Before cancer, I was engaged to be married and living a happy, healthy life. Then everything changed in April 2014, when I was diagnosed with stage 4 uterine cancer. After a few weeks of frantic appointments, I had a full hysterectomy and several lymph nodes in my groin removed. After my surgery I was “couch ridden” for about four weeks. I was in a lot of pain. I couldn’t do anything for myself. I was so miserable.
Months of chemo, several scans, blood work, a colonoscopy, and mammogram later…I finally entered remission. When this happened I thought, “Great! That part of my life is behind me. I do not have to see my oncologist for few months.” I expected to feel overjoyed.
But unfortunately, that wasn’t the case. I didn’t know it was possible to feel frustrated, angry, annoyed and abused by my cancer while also feeling happy, overjoyed, confident and excited. I was not prepared for my emotions to be so unpredictable. All these emotions were capable of appearing within one day — or even one hour.
My typical day often looked a bit like this:
- When I woke up in the morning, I was fine but not rested because my radiation side effects made it hard to sleep.
- I would eat breakfast, watch TV, call a friend, read a book and I would be at ease, laughing out loud or smiling.
- By the afternoon, I would have a complete melt down (crying uncontrollably) after watching a character die on TV, or from trying to remember people’s names in general.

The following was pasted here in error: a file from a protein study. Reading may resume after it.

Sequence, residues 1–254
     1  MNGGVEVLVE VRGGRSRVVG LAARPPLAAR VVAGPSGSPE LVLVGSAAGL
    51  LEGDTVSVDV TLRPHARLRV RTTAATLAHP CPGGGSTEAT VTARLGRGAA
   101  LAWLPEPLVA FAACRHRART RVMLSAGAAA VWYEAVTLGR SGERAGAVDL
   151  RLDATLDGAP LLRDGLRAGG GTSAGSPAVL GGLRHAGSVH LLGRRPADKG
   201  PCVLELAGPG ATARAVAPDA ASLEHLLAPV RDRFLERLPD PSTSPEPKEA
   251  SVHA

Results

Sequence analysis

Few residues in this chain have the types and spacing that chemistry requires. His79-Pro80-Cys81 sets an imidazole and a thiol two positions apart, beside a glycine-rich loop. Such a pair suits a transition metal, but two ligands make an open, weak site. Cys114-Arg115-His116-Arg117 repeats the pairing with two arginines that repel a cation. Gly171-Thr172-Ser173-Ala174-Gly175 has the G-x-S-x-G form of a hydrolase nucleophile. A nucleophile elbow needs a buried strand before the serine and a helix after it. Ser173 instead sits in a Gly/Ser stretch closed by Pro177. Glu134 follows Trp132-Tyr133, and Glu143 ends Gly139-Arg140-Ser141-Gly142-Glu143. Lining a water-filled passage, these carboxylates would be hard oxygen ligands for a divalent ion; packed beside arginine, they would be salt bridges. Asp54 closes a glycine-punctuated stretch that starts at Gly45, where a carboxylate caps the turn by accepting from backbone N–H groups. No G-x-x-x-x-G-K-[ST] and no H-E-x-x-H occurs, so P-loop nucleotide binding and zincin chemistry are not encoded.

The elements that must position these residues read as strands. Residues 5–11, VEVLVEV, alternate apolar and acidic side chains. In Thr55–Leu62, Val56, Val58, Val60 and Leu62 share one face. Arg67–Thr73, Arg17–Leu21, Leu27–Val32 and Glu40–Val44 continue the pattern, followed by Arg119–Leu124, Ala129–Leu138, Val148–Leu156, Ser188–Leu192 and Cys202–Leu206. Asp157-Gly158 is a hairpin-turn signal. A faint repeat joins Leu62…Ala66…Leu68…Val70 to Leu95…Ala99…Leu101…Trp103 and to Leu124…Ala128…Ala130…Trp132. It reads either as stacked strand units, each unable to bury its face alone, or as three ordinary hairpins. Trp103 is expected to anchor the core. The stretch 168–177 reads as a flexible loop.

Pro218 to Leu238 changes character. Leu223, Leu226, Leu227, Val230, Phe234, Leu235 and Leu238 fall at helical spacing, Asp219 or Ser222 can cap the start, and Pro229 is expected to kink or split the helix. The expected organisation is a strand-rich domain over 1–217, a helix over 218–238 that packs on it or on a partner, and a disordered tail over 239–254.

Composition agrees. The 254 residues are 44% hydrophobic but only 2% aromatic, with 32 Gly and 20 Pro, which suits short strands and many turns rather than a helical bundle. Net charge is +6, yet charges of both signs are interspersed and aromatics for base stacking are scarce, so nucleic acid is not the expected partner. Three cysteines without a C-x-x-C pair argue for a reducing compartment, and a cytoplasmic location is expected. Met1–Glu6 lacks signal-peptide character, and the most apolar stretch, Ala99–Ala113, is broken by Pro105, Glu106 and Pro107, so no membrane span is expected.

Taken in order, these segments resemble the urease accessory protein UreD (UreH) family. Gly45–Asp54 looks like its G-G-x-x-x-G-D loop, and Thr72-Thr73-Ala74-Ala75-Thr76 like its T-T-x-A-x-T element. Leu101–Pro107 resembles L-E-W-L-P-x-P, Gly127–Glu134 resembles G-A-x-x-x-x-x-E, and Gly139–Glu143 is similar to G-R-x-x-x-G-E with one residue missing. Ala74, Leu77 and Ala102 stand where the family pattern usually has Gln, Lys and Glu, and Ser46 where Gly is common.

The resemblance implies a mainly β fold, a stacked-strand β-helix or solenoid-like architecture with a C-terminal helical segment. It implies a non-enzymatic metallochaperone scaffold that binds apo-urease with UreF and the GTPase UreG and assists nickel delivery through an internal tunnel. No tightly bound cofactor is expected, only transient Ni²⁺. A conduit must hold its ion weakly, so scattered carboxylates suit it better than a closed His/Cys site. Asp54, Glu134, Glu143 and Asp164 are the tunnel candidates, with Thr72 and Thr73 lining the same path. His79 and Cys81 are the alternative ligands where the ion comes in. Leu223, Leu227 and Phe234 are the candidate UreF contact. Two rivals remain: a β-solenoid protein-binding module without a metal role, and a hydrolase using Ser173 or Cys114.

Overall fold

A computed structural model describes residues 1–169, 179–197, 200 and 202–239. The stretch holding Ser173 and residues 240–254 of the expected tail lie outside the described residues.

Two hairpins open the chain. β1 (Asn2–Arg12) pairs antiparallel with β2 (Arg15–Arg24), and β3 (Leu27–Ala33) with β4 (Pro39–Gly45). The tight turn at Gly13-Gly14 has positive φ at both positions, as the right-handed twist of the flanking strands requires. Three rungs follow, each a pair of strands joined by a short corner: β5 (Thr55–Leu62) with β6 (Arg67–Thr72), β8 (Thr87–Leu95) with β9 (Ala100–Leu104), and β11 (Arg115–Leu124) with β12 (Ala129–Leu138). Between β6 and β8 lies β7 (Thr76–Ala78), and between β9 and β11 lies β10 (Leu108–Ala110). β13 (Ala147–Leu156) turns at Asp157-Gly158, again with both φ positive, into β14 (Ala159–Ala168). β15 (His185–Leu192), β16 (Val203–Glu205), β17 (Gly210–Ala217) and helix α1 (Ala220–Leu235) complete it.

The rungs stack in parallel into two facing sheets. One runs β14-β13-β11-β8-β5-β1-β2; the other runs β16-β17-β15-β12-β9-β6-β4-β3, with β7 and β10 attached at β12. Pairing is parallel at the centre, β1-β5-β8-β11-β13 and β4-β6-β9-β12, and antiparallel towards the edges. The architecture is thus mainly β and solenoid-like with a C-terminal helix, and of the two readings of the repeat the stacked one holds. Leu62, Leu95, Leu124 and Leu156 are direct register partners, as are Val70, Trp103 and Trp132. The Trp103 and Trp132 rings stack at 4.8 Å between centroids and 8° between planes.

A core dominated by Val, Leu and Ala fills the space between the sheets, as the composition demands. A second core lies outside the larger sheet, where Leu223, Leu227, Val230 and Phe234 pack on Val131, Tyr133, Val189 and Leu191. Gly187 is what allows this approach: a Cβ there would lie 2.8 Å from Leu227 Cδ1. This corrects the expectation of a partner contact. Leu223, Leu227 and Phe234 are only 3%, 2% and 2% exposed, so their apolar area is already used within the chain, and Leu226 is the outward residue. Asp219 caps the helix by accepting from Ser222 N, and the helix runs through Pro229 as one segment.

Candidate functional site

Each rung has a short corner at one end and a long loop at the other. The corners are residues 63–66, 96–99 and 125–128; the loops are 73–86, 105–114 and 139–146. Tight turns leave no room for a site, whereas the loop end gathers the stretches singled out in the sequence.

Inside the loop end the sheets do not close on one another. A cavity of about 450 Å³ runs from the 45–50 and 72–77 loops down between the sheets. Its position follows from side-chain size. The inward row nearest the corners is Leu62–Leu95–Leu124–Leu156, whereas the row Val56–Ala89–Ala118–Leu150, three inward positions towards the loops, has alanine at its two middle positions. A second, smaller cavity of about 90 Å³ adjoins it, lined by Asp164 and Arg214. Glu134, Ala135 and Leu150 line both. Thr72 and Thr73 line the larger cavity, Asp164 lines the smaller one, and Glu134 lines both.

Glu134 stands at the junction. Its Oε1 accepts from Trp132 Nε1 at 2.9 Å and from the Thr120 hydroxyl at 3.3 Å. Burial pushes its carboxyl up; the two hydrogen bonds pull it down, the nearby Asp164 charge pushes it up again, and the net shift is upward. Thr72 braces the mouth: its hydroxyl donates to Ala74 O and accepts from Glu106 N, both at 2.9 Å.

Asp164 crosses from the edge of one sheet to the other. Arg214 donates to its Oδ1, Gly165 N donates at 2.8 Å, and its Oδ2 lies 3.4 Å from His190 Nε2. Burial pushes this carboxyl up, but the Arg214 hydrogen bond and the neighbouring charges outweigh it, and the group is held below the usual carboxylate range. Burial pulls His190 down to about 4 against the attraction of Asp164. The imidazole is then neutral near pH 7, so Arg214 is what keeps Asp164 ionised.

- That evening, I would be so depressed that I would not eat, or even talk to my husband.
- I would get into bed (sometimes crying myself to sleep) hoping my cancer will not return, hating my body due weight gain and how ugly my 30cm scar looked.
- The next day, I would wake up and deal with my unpredictable emotions all over again.
Fortunately, I have figured out out a way to manage all of this and have compiled a few tips for those who may be in my shoes now.
1. Find Your Support Network
It’s important to have family or friends to talk to at any time of the day or night. Find a cancer support group in your area. I am a member of the WellSpring Centre (there are free classes for yoga, nutrition, meditation, the Healing Journey, Fear of Recurrence.)
Go for a walk every day if you can. Go to the gym, do yoga, or meditate.
3. Eat A Balanced Diet
But remember that it is OK to have a treat once in a while.
4. Rest As Needed
I learned to listen to my body. When I have having an unpredictable emotion, I lay down.
5. Ask Your Oncologist About Support After Treatment
I asked for a referral to a social worker and psycho-social oncologist. My social worker called me every two to three months to check up on me I see her every few months and I talk and she listens. I would highly recommend this to anyone.
6. Help Someone Every Day
If you have the strength and energy, it may make you forget about your cancer…even just for a little while.